It gets worse for Rory, unfortunately when he engages in an argument over the religious anti-gay pamphlet he and his caped crusaders have been handing out.

Let’s have a look at your ten reasons why gay people shouldn’t get married, Rory is told, by an angry passer-by.

Point 1. It isn’t marriage.  

That’s right. It isn’t marriage. We’re voting to make  it marriage. Bullshit!

Point 2. It violates natural law. 

We have only one law in this republic and it it isn’t your law. Bullshit!

A crowd begins to gather. Rory smiles manfully.

Point 3. It denies a child a mother or a father.

Divorce and separation do that.  Not gays. Bullshit.

Irish Society for Christian Civilisation Rory O'Hanlon

Point 4. It validates the homosexual lifestyle. 

In other words, you hate gays. Bullshit.

Point 5. It turns a moral wrong into a civil right.  

Don’t lecture me about morals.  Bullshit.

Point 6. It does not create a family but a naturally sterile union.  

Are you telling post-menopausal women they can’t get married? Bullshit.

The crowd begins to murmur support.

Point 7. It defeats the State’s purpose of benefitting marriage.  

Don’t tell me the State’s purpose. Bullshit.

Point 8. It imposes its acceptance on all society.

You don’t get to veto other people’s lives. Bullshit.

Point 9. It is the cutting edge of the sexual revolution.

Sorry kid. You’ve missed that by about fifty years. Bullshit.

Point 10. It offends God. 

I don’t believe in your god so don’t give me this bullshit.

Rory looks at his feet as light applause breaks out. His golden clasp glistens in the weak sun, a lion rampant with papal cross. He declines to explain where the image came from.

Is that the insignia from some equestrian order? I ask.


Are you Opus Dei?


Are you the Knights of the Order of the Sepulchre?


The Knights Who Say Ni?


Never mind. Are you Knights?


Then why are you wearing that ridiculous robe? Don’t you think it’s a bit gay?

Rory doesn’t answer so I challenge him.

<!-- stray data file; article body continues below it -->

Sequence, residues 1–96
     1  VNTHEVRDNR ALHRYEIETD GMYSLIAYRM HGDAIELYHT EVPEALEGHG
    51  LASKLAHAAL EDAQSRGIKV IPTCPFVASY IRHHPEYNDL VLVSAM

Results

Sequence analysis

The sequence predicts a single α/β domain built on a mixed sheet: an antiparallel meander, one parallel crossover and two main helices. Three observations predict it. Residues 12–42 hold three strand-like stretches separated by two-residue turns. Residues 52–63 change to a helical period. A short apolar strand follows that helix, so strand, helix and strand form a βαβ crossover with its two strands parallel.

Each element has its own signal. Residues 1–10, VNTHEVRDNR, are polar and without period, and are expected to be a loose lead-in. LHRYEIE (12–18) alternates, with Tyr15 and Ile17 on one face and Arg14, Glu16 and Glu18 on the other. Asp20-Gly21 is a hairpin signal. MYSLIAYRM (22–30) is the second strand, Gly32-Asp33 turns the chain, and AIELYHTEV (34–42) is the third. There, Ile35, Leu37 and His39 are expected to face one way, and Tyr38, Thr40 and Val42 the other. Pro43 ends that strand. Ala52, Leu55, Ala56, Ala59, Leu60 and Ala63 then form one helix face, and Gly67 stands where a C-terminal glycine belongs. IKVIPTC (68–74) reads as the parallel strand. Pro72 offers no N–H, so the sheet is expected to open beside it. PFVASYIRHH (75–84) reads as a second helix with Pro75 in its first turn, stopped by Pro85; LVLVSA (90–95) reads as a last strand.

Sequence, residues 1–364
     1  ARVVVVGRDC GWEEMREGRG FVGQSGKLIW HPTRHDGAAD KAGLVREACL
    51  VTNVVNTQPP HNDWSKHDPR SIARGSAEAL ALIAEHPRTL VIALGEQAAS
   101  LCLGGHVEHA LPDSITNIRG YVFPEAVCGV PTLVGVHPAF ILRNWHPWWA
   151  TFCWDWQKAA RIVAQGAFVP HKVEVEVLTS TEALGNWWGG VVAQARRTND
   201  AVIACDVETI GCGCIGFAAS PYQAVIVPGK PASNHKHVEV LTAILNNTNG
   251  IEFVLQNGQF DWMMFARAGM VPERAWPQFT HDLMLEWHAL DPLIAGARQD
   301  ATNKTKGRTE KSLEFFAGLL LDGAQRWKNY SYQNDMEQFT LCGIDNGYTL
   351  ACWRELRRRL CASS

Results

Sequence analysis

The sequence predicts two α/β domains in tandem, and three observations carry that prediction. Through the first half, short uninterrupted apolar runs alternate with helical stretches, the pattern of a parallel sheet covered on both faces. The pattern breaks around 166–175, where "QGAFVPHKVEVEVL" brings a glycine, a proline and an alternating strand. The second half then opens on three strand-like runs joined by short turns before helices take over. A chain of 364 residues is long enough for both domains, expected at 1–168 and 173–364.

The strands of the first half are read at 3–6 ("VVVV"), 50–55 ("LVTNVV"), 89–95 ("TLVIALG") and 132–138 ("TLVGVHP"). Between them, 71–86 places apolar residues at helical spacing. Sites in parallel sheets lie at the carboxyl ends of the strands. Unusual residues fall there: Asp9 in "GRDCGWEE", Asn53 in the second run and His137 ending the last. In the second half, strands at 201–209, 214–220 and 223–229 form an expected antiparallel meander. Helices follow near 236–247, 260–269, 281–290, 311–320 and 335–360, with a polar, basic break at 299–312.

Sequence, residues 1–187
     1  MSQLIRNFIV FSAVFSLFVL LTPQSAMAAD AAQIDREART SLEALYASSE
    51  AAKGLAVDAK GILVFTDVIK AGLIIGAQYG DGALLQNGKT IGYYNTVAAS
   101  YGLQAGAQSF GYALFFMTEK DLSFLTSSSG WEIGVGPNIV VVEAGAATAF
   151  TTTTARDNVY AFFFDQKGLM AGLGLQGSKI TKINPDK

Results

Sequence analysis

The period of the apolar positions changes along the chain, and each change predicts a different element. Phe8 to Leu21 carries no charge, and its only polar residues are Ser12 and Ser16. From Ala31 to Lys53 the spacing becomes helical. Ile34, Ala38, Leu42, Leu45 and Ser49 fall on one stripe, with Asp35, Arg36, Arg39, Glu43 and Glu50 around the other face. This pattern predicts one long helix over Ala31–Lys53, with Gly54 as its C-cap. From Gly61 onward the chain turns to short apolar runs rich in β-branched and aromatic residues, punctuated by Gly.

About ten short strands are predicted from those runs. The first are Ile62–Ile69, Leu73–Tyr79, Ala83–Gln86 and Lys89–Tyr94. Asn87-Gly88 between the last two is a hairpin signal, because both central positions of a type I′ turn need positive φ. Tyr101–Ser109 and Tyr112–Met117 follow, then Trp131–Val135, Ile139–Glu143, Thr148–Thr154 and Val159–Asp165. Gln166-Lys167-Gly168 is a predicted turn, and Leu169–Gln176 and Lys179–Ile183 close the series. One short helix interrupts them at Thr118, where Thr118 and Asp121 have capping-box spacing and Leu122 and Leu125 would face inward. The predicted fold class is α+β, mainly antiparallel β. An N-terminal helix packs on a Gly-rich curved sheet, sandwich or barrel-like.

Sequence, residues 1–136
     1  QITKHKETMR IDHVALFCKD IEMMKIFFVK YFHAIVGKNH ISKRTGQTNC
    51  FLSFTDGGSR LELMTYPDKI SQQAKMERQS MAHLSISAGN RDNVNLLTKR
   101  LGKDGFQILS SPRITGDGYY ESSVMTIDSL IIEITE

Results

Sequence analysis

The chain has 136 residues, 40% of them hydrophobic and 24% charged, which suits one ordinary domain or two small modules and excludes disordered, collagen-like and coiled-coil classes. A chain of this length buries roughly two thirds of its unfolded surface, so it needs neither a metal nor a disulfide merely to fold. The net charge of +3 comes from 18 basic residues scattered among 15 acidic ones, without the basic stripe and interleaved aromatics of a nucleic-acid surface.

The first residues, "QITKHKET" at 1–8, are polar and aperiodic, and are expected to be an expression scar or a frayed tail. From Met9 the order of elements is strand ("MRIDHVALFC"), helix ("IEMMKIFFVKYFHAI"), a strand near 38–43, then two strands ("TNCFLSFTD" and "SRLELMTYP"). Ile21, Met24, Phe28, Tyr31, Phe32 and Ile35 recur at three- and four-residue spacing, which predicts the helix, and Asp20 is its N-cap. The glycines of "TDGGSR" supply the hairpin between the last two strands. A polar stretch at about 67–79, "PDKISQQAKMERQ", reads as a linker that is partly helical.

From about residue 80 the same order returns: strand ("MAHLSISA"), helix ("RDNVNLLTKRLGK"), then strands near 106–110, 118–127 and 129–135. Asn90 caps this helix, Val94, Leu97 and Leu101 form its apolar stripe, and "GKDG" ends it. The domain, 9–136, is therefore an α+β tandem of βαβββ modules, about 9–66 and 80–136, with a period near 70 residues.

Don’t you think gays deserve to suffer like everyone else?

What? he says.

Let them get married, I tell him.

Later I discover that Rory has not been entirely honest with me. The Irish Society for Christian Civilisation, named on the pamphlets he’s handing out, is indeed a limited company registered in Ireland, and the same Rory O’Hanlon is a company director. If, as he claimed, it was over fifty years old, he must have founded it when he was a babe in arms, but actually, the truth is more prosaic.  According to company records, it was set up in 2004, and that, to the best of my knowledge, is not fifty years ago. It seems Rory’s Christian beliefs allow him to tell direct barefaced lies.

Oddly, when asked the title of his group, Rory seemed to slip. Instead of calling it the Irish Society for Christian Civilisation, he called it the Irish Society for Defence of Tradition, Family and Property, perhaps unconsciously echoing the title of its parent organisation, the American Society for Defence of Tradition, Family and Property.


Rory, by the way, is a brother of Ardal O’Hanlon, otherwise known as Father Dougal and not a man remotely associated with such strange ideas.

Father Ted comes to Limerick, however vicariously.

As we leave, I tell Rory that I hope this has helped him to re-evaluate his own prejudices, though I don’t have high hopes.


More about Rory